This article was published in The 30 Second Wine Advisor on Monday, May 8, 2006.

Beer-bottle cap
If you think a screw cap isn't all that classy, check out the "crown cap" that gives this modest Austrian white a beer-bottle look.
Is ritual necessary?

For many of the wine enthusiasts who have already embraced the once-maligned metal screw cap as an appropriate seal for fine wines, its casual simplicity is part of the appeal of the alternative closure. Unscrew the cap, pour the wine; no muss, no fuss, and best of all, no snob factor.

But wine lovers who enjoy the brief ritual that attends the extraction of the traditional cork feel that there's something missing in a quick, careless unscrewing. Indeed, for restaurant sommeliers, who make a living out of mastering wine minutiae, an opening procedure devoid of ritual could be a professional threat.

No worries, mate ... those crafty sommeliers Down Under have already come up with a nifty little uncapping scheme that's sufficiently tongue-in-cheek to elicit more of a smile than a snobby sneer.

The procedure is simple, much easier to master than the dreaded corkscrew: Grasp the cap firmly with one hand, and gently rotate the bottle under it with the other, breaking the seal with an audible, satisfying "crack." Then place the loosened cap against your forearm (tuxedo optional) and roll it down toward your hand, timing the move so the cap comes off just as the bottle rolls into your palm. Present the cap with a flourish if you wish. There's no need to sniff it, but you're welcome to do so if it pleases you.

Is this ritual necessary? Of course not! Is it fun? I think so, although the answer to that question may depend on your sense of humor. The Aussie wine geeks who first told me about it thought it hilarious, and claimed it was an Australian invention, although my Kiwi wine pal Sue Courtney ( insists that it came originally from New Zealand, in a video produced by the good folks at Villa Maria when they went over to the alternative closure years ago. One thing's certain: The idea almost had to come from Down Under, where producers in both countries have led the charge toward screw cap closures for wines of quality.

Meanwhile, if you think the screw cap is declassé, I expect you'll be horrified by the closure on today's tasting, a modest but surprisingly fetching Austrian Grüner Veltliner from H. und M. Hofer, packaged in a stubby green jug that looks almost like a beer bottle, and closed with a beer-style "crown cap" that submits to neither corkscrew nor uncapping twist but the humble "church key."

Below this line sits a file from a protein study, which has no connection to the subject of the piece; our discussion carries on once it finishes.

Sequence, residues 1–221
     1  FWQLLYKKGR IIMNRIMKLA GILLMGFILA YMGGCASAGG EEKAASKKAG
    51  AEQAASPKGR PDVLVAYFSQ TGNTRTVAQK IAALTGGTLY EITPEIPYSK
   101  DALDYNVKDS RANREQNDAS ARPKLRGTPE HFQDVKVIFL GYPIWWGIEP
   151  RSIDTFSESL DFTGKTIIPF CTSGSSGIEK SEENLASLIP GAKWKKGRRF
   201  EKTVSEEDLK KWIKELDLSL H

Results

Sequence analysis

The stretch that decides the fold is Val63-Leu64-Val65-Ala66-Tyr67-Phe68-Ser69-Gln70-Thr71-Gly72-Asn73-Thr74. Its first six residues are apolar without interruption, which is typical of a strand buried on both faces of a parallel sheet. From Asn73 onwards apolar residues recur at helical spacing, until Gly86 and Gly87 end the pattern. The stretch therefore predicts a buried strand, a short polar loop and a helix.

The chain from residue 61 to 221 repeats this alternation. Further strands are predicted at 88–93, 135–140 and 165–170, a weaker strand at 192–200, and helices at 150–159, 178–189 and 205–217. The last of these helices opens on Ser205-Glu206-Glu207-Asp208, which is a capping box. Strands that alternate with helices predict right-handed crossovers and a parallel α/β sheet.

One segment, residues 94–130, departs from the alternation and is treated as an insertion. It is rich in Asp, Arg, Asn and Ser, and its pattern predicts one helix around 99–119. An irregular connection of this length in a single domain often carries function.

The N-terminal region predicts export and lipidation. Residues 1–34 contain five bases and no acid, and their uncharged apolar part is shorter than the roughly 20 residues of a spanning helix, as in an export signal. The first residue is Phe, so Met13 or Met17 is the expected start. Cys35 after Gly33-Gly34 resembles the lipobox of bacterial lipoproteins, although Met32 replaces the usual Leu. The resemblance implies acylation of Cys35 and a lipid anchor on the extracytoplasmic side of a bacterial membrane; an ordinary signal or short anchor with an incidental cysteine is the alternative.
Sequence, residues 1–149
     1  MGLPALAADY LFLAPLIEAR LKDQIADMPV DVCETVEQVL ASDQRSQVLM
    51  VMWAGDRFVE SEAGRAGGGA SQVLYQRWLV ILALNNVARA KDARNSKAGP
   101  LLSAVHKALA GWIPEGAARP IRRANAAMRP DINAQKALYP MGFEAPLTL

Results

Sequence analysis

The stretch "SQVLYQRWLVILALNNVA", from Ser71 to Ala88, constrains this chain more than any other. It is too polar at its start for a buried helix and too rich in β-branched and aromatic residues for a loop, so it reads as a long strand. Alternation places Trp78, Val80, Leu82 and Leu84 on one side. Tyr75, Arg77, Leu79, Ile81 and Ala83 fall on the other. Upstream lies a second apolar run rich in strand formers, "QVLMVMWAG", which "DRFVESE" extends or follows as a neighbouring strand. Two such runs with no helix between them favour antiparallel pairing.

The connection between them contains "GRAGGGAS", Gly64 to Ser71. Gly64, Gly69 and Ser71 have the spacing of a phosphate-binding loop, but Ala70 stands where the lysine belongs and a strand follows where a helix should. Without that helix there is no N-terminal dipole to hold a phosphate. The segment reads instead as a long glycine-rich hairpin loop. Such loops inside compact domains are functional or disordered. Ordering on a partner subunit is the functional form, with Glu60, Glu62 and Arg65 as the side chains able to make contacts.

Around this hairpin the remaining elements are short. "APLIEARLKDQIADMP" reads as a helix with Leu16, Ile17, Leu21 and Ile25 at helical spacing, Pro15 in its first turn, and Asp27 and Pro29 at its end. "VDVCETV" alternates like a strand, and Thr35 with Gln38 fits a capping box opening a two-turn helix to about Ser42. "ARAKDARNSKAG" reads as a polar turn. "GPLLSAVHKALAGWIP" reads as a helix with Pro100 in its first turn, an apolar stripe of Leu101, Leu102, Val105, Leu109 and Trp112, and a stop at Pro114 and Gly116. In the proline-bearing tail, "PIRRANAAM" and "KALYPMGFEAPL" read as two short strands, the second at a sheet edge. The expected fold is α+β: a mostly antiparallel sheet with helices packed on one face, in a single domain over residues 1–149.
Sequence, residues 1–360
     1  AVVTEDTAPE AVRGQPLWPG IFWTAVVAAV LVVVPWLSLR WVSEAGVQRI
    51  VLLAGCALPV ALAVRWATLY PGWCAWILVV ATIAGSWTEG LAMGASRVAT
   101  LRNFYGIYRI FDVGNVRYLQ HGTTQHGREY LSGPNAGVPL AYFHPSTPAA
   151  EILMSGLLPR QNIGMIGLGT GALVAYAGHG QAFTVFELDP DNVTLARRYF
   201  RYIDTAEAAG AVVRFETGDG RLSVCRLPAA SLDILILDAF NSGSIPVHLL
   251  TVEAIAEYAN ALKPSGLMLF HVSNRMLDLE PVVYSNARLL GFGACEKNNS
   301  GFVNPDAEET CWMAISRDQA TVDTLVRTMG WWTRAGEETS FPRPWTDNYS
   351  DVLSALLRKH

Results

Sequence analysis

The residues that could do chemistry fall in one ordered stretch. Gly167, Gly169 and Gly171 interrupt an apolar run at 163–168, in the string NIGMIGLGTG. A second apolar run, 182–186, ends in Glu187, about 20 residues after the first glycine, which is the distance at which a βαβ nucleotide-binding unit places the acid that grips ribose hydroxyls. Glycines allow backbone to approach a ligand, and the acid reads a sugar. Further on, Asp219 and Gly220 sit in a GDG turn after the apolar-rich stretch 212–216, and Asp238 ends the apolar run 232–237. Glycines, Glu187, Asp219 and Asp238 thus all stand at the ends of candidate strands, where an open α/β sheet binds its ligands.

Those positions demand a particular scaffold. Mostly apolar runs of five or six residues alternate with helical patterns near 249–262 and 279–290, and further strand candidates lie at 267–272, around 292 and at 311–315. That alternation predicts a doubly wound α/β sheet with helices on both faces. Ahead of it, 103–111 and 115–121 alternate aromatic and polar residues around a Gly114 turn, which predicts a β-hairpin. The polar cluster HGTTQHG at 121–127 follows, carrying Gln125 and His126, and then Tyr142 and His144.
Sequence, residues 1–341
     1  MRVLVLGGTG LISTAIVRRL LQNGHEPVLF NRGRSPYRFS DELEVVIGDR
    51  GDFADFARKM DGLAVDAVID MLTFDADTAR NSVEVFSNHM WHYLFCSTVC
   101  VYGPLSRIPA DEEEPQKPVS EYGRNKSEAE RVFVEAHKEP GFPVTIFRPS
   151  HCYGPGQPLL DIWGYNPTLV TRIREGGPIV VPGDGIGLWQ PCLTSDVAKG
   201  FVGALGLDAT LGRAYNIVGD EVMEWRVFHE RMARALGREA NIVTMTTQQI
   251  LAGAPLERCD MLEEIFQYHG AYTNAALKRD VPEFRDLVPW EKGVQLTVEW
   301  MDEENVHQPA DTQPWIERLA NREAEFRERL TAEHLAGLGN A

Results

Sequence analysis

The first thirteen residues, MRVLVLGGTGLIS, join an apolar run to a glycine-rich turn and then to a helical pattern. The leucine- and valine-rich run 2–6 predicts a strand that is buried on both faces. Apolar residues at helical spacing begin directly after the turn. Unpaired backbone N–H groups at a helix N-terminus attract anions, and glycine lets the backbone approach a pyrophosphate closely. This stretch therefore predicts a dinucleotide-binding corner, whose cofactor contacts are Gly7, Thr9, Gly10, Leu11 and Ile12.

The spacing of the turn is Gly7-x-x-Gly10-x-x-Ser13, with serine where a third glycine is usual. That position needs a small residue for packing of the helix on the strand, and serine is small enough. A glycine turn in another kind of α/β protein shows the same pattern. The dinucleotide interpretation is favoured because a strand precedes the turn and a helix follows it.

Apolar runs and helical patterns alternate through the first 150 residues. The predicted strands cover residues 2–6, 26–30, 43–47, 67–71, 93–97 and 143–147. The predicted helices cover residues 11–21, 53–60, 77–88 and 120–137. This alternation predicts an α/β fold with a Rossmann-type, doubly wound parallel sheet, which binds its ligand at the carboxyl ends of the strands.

Hofer Weingut H. u. M. Hofer 2004 Niederösterreich Grüner Veltliner Trocken ($10.99/1 liter)

This is a very pale straw-color wine with a tinge of brassy green. White fruit aromas, citric and limey, are pleasant if a bit on the delicate side. Simple but fresh flavors are consistent with the nose, crisp citrus, medium body and zippy acidity. I don't find much in the way of Grüner minerality as the vine is first poured, but a bit of pleasant "woolly" character develops as the wine warms in the glass. U.S. importer: Michael Skurnik Wines, Syosset, N.Y., A Terry Theise Estate Selection. (May 7, 2006)

FOOD MATCH: Food-friendly GV works with veal, pork, poultry and seafood, and it's becoming a go-to wine for spicy Southeast Asian fare. It went beautifully with the bold flavors of veal polpette fashioned as "Italian cheeseburgers," shaped to fit squares of home-baked sage foccacia and topped with Point Reyes Blue.

VALUE: Ounce for ounce or milliliter by milliliter, the liter-size bottle is a fine value for just over $10. (Note also that this bottling is widely discounted; I've seen it at online vendors for as little as $7.50.) It may be a phantom value unless you're serving a group, though, as there's no way we're going to consume a liter over the course of an evening, and unless you pry off the beer-style cap with great care, it's hard to use it to re-cap the bottle.

WHEN TO DRINK: GV in general shows excellent aging potential for a white, and I don't doubt that this one would survive a few years in the cellar, but it's really meant for easy quaffing while it's young and fresh.

The Hofer Website contains plenty of information, but it's all in German. You'll find it at this link:

For English-language information, the U.S. importer's fact sheet on this wine is here:

Find prices and online vendors for Hofer Grüner Veltliner on